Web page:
Monday, June 22, 2015

Sterling Town Equities Moves in on 21st

More condos on the way for 21st between Fourth & Fifth.  186-190 21st - a two-storey building and adjacent lot - have just been bought, all cash, for six million dollars.  The buyer is Sterling Town Equities. The deal was brokered by CPEX

“We continue to see demand for development sites along the 4th Avenue corridor,” said Sean R. Kelly, Esq. of CPEX, in a prepared statement. 
Mr. Kelly and colleagues represented the seller,186-190 St LLC (the LLC is represented by Edward B. Saffran, Esq.). CPEX also procured the buyer, who was not represented by a broker, in the all-cash transaction. 
“With a lack of condominium inventory in Brooklyn and an abundance of luxury condominiums priced above $2,000 per square foot coming to market in Manhattan, developers have regained confidence in the Brooklyn condo market,” added Mr. Kelly. 
The building is zoned for a maximum floor area ratio of 2.0, allowing for a total of approximately 20,034 buildable square feet.  (Commercial Observer)

No lack of condo inventory around here, unfortunately, and no demand for development from local residents. But alas, we residents have no say in these matters. The Observer article has the building dating to 1931, but a 2013 application (disapproved) to convert the building from commercial to mixed-use still lists the buildings as wood-frame structures, hardly likely for a 1930s building. But perhaps this is just murky or incompetent record-keeping. The most recent C of O on record dates to 1912 (wood-frame buildings housing an "eating and drinking place,") but there's also a demolition permit on record dated 1968. Are the wooden buildings lurking somewhere beneath a larger and more recent-looking edifice? Or are they gone entirely? I know not. Whatever building originally existed at 190, next door, seems to have been demolished long ago.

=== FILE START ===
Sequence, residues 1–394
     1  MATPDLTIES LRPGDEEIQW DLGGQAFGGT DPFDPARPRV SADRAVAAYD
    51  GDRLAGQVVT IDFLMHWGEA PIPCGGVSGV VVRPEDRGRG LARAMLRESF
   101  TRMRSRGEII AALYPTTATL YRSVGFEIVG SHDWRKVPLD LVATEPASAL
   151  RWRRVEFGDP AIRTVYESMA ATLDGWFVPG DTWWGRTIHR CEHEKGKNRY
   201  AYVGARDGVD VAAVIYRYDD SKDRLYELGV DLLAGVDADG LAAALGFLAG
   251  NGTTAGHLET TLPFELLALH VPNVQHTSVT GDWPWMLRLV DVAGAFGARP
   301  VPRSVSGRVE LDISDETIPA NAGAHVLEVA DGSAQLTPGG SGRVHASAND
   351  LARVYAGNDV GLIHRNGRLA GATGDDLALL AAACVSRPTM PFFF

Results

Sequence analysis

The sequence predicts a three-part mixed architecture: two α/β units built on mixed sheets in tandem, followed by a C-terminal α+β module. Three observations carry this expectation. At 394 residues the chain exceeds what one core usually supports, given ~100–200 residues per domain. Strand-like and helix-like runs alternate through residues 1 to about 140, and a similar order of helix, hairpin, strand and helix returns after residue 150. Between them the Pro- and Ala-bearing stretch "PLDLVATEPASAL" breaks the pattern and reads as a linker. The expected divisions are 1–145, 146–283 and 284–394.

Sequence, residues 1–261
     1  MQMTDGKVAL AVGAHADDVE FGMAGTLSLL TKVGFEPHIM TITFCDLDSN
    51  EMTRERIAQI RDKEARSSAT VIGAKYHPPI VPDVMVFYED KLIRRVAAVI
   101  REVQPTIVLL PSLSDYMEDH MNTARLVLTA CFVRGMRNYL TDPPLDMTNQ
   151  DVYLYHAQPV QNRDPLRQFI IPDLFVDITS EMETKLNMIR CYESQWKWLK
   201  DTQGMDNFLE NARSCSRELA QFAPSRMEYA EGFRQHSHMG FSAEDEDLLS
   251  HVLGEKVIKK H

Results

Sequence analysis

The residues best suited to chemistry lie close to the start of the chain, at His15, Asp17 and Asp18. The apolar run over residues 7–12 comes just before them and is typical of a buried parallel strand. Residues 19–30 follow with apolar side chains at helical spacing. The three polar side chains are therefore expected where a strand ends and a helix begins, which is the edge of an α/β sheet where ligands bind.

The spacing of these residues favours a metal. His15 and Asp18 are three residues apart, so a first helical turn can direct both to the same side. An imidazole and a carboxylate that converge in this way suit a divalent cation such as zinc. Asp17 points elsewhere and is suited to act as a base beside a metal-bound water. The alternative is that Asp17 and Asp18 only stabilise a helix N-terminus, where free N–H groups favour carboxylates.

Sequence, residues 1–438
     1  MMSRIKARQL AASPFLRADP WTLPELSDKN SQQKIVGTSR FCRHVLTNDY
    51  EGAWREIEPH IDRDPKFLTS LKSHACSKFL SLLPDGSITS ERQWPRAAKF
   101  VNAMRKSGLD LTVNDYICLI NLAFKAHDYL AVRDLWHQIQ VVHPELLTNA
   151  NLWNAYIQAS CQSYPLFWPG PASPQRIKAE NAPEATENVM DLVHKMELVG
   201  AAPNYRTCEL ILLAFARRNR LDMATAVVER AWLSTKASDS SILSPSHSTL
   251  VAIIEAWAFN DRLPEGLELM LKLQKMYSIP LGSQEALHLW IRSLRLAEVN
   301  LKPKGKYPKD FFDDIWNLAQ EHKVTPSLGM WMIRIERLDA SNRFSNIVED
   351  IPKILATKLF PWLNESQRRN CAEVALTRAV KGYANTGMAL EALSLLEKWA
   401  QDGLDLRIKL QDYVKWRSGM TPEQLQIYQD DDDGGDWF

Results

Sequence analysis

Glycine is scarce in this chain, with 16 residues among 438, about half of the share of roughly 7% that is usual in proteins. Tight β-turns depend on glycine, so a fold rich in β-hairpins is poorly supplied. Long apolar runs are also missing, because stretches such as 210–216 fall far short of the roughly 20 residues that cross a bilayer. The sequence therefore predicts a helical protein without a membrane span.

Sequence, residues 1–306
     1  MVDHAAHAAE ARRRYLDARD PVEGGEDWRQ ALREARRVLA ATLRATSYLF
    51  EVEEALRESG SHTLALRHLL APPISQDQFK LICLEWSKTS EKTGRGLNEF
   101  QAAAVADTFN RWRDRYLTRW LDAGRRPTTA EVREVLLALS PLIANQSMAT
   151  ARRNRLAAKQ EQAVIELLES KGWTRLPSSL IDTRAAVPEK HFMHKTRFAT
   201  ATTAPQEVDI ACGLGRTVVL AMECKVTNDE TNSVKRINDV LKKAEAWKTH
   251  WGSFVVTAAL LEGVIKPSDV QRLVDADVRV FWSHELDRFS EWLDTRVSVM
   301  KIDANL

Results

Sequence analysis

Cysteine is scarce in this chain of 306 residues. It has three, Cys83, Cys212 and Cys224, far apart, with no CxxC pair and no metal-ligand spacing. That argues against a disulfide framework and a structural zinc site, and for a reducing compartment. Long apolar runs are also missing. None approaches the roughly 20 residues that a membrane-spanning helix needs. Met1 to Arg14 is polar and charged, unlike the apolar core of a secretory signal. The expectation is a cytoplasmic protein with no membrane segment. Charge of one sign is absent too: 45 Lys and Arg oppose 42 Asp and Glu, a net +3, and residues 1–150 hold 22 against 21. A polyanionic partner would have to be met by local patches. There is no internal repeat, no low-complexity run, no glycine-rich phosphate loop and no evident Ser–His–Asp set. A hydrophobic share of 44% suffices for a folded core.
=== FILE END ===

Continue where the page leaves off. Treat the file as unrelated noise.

A century ago, 186 was the scene of a widely-covered crime story. On November 19th, 1910, eight year old Giuseppe Longo, who lived at the building with his family, was abducted from in front of his home, and a $15,000 ransom was demanded for his safe return. Another local child, Michael Rizzo, of 720 Fifth, was taken at the same time and also held for ransom. On December 8th the children were recovered, from rooms in a tenement on East 63rd Street, and a lengthy Eagle account of the suspects' arraignment in a packed courtroom the following day is heavy on drama and sentiment.

Mrs Longo has become gray since her boy was stolen from her.  As she stroked his head she talked to the reporters.
"You don't know,"she said, pathetically.  "Twenty days he was away. My little Joe.  Every day I have been waiting. In the morning, no little Joe to dress. after school no little Joe, when we went to bed no little Joe.  I wanted to kill myself.  And they cut his hair and sent me some of it, telling me that they would cut off his head if we did not pay money.  See where they cut the hair from?" And Mrs. Longo pulled the dark hair apart to show where the scissors had rudely trimmed off some of his dark locks.
"Do you wonder that I wanted to kill myself?" asked Mrs. Longo.  "They have not treated him well.  He was fat, and had fat cheeks when they took him.  Look at him now."
The little fellow was still well nourished and rosy cheeked, but the mother said that he was much thinner than when he was taken.

A mere twelve days later Marie Rappa was convicted of kidnapping, and the NY Times found "something suggestive of the proverbial  'Jersey justice' "in the rapidity of this conviction.  A co-defendent, Stanislao Pattenza, was found guilty shortly thereafter.  A later Times article, written on December 21st, around the time of sentencing, records Judge Fawcett's words to Pattenza.

You were the brains, the leader, the acknowledged chief of the Black Handers.  You and the others lived on the fruits of your dastardly crimes of kidnapping, bomb-throwing, and blackmail. Your society during the past few years has caused a reign of terror among the good people of your race in this city.  Criminals of your class should never have been admitted to the country.

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